I also welcome Belgian companies to issue renminbi bonds in Hong Kong. The range of issuers continues to expand, with issuances coming from Hong Kong, as well as from multinational companies. They include McDonald's, which issued renminbi bonds in Hong Kong to finance its operations in the Mainland, and the Caterpillar Financial Services Corporation, which has also issued renminbi bonds in Hong Kong.


Global connector

Then there's the Shanghai-Hong Kong Stock Connect, launched just last November. Thanks to the programme, investors from Belgium, and from all over the world, can now use the Stock Exchange of Hong Kong to trade, directly, in more than 500 A-shares listed on the Shanghai Stock Exchange.


The world, I'm pleased to note, is doing just that. Both northbound and southbound turnover enjoyed record-breaking days in the past few weeks.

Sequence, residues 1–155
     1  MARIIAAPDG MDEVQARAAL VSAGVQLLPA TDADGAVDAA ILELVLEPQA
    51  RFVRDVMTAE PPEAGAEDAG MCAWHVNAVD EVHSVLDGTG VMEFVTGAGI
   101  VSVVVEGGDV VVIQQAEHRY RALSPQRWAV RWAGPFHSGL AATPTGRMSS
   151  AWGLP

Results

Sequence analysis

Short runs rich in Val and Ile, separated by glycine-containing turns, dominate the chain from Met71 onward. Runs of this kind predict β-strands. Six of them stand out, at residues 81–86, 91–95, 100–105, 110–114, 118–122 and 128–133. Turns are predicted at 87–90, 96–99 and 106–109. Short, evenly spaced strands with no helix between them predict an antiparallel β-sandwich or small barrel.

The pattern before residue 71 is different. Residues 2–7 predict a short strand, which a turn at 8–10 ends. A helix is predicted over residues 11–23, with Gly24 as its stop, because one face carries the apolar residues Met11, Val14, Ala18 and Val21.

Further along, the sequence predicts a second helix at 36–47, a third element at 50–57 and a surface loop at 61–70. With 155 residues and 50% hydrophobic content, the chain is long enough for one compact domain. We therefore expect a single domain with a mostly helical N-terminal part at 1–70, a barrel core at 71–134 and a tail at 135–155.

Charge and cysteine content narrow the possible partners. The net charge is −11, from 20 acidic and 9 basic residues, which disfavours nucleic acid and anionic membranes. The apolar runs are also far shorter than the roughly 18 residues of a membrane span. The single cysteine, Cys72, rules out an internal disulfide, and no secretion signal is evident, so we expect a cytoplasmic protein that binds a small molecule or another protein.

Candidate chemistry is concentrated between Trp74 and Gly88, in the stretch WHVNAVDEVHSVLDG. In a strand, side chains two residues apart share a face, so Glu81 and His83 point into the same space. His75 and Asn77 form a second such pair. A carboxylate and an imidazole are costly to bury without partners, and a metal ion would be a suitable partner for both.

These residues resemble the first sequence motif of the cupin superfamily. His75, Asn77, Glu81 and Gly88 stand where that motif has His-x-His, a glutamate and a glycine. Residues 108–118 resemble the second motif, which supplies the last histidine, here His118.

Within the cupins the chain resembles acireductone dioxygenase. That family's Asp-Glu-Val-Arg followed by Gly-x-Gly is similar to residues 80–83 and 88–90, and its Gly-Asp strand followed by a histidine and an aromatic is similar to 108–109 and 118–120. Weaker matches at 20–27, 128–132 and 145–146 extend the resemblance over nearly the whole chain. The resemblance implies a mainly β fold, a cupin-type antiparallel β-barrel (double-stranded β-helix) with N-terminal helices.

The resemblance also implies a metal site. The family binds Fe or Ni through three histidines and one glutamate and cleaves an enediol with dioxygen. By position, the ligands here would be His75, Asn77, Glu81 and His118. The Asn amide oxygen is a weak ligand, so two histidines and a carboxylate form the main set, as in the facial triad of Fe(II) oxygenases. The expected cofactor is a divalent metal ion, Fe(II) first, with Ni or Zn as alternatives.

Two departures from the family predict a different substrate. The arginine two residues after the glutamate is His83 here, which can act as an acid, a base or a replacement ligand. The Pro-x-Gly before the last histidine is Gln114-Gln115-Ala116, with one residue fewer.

We are now working to launch the Shenzhen-Hong Kong Stock Connect. The point is clear: Hong Kong is your connection to China and China's connection to the world. This is what our Chief Executive calls our role as "super-connector".


Links expand, deepen

Those links continue to expand and deepen. Our merchandise and services suppliers, for example, enjoy preferential treatment in doing business in the Mainland, thanks to the Mainland and Hong Kong Closer Economic Partnership Arrangement, or CEPA. That advantage applies equally to European companies that set up in Hong Kong or partner with Hong Kong companies.


In March this year, under CEPA, Hong Kong and Guangdong Province realised basic liberalisation of trade in services. Guangdong, of course, is a key investment centre for Hong Kong companies. Indeed, about one-third of Hong Kong's outward direct investment in the Mainland is focused on Guangdong.


The ground-breaking agreement enables Hong Kong investors to take early advantage of the opening up of Guangdong's services sectors. The agreement also creates a model for the liberalisation of trade in services to Hong Kong companies right across Mainland China.